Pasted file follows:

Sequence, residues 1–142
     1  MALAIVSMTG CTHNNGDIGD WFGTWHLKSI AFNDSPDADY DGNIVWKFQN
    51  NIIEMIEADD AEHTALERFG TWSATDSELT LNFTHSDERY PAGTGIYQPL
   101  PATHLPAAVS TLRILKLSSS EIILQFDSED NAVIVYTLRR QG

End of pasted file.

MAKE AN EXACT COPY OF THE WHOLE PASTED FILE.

Sequence, residues 1–142
     1  MALAIVSMTG CTHNNGDIGD WFGTWHLKSI AFNDSPDADY DGNIVWKFQN
    51  NIIEMIEADD AEHTALERFG TWSATDSELT LNFTHSDERY PAGTGIYQPL
   101  PATHLPAAVS TLRILKLSSS EIILQFDSED NAVIVYTLRR QG